8. If My people, who are called by My name, shall humble themselves, pray, seek, crave, and require of necessity My face and turn from their wicked ways, then will I hear from heaven, forgive their sin, and heal their land. (2 Chronicles 7:14 AMP)
9. Through the middle of the broadway of the city; also, on either side of the river was the tree of life with its twelve varieties of fruit, yielding each month its fresh crop; and the leaves of the tree were for the healing and the restoration of the nations. [Gen. 2:9.] (Revelation 22:2 AMP)
10. But He was wounded for our transgressions, He was bruised for our guilt and iniquities; the chastisement [needful to obtain] peace and well-being for us was upon Him, and with the stripes [that wounded] Him we are healed and made whole. (Isaiah 53:5 AMP)
This is one of two posts in a series by Deb Wolf who blogs at Counting My Blessings. This is her third time appearing here at Christianity 201 and we do appreciate the work she does on her site; the tag line is “Encouraging you with stories of faith, hope and love.” Click the title below to read at source and/or read part two, “Jesus Answer to the Fear of Cross-Carrying.”
There is a verse in the Bible that did anything but give me peace and contentment. I tried to pretend I was obedient, but my heart knew it terrified me.
Then He [Jesus] called the crowd to Him along with His disciples and said: “Whoever wants to be my disciple must deny themselves and take up their cross and follow me. For whoever wants to save their life will lose it, but whoever loses their life for me and for the gospel will save it. Mark 8:34–35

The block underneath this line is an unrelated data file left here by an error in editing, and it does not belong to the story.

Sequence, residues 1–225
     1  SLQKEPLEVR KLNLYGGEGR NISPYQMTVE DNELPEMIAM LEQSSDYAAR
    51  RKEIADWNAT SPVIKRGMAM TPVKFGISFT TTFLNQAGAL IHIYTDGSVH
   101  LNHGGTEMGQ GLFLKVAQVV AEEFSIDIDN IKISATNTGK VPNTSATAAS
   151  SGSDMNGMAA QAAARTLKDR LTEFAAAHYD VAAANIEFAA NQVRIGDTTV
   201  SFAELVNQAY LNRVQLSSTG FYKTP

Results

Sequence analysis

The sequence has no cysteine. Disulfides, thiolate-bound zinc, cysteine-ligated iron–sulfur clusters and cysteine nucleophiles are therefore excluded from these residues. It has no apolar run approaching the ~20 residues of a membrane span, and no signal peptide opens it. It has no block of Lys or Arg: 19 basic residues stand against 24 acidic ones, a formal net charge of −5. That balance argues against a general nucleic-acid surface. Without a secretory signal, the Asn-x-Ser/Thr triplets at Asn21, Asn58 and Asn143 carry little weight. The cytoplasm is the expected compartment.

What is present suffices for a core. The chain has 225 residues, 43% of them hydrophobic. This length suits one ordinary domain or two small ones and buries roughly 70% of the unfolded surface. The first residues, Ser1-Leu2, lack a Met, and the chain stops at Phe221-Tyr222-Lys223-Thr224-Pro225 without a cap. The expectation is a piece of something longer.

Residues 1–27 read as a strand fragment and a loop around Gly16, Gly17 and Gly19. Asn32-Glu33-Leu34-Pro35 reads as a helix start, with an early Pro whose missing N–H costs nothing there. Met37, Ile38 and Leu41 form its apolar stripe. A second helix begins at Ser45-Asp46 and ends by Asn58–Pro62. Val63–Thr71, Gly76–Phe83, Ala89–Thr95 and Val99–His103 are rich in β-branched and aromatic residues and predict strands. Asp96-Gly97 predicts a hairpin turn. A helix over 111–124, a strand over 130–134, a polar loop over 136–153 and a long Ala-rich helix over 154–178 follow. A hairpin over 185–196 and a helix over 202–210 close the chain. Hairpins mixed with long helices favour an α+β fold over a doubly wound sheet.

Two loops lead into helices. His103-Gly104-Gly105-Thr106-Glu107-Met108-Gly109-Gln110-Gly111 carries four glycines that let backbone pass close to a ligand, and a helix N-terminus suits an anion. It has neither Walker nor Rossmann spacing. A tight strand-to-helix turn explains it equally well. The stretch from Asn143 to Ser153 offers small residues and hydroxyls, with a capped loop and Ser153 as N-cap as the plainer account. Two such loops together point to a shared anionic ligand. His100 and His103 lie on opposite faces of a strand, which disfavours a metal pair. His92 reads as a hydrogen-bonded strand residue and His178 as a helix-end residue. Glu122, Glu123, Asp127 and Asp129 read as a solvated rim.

[Last Wednesday] was Ash Wednesday—the beginning of Lent. For the next six and a half weeks followers of Jesus will fast, pray, and ponder His journey to the cross.
Followers who are called to deny themselves, carry their cross, trust and obey . . . lose their life for Jesus.
I didn’t want to carry my cross. I liked my comfortable safe life. Sure there were some problems and pain, but life—my life, my kid’s lives, my husband’s life, complete trust and obedience . . . what could happen to a life lost to cross carrying.
My doctor and a counselor said I was “high-strung,” anxious.
Lack of Faith
I knew I was a fear-filled worrier. Seriously, I turned worry into an art form. Not surprising. Look around. Have you seen all the truly terrible things that can happen?
I didn’t want to admit it, but I knew it was lack of faith.
But that verse and others like it:
But the Lord said, “Go, for Saul is my chosen instrument to take my message to the Gentiles and to kings, as well as to the people of Israel. And I will show him how much he must suffer for my name’s sake.” Acts 9:15–16
For God called you to do good, even if it means suffering, just as Christ suffered for you. He is your example, and you must follow in His steps. 1 Peter 2:21
If you refuse to take up your cross and follow me, you are not worthy of being mine. Matthew 10:38
Giving Up Fear for Faith
“I have told you these things so that you won’t abandon your faith . . . I have told you all this so that you may have peace in me. Here on earth you will have many trials and sorrows. But take heart, because I have overcome the world.” John 16:33
It’s true. In this world there will be trials and sorrows. Worry doesn’t prevent it. Fear won’t keep it out of reach.
Trials and sorrows did happen, but.
What a small yet important word.
“You will have trials and sorrows. But take heart, because.”
Take heart [don’t lose your faith], because…
I have overcome the world
I will never fail you. I will never abandon you.
Be sure of this: I am with you always.
Through trials and sorrows Jesus was faithful, and because of His faithfulness my faith grew. Faith that was greater than my fear. Faith that was impossible when I focused on my fears, but grew when I kept my eyes on Jesus.
Let us run with endurance the race God has set before us. We do this by keeping our eyes on Jesus, the champion who initiates and perfects our faith. Hebrews 12:1–2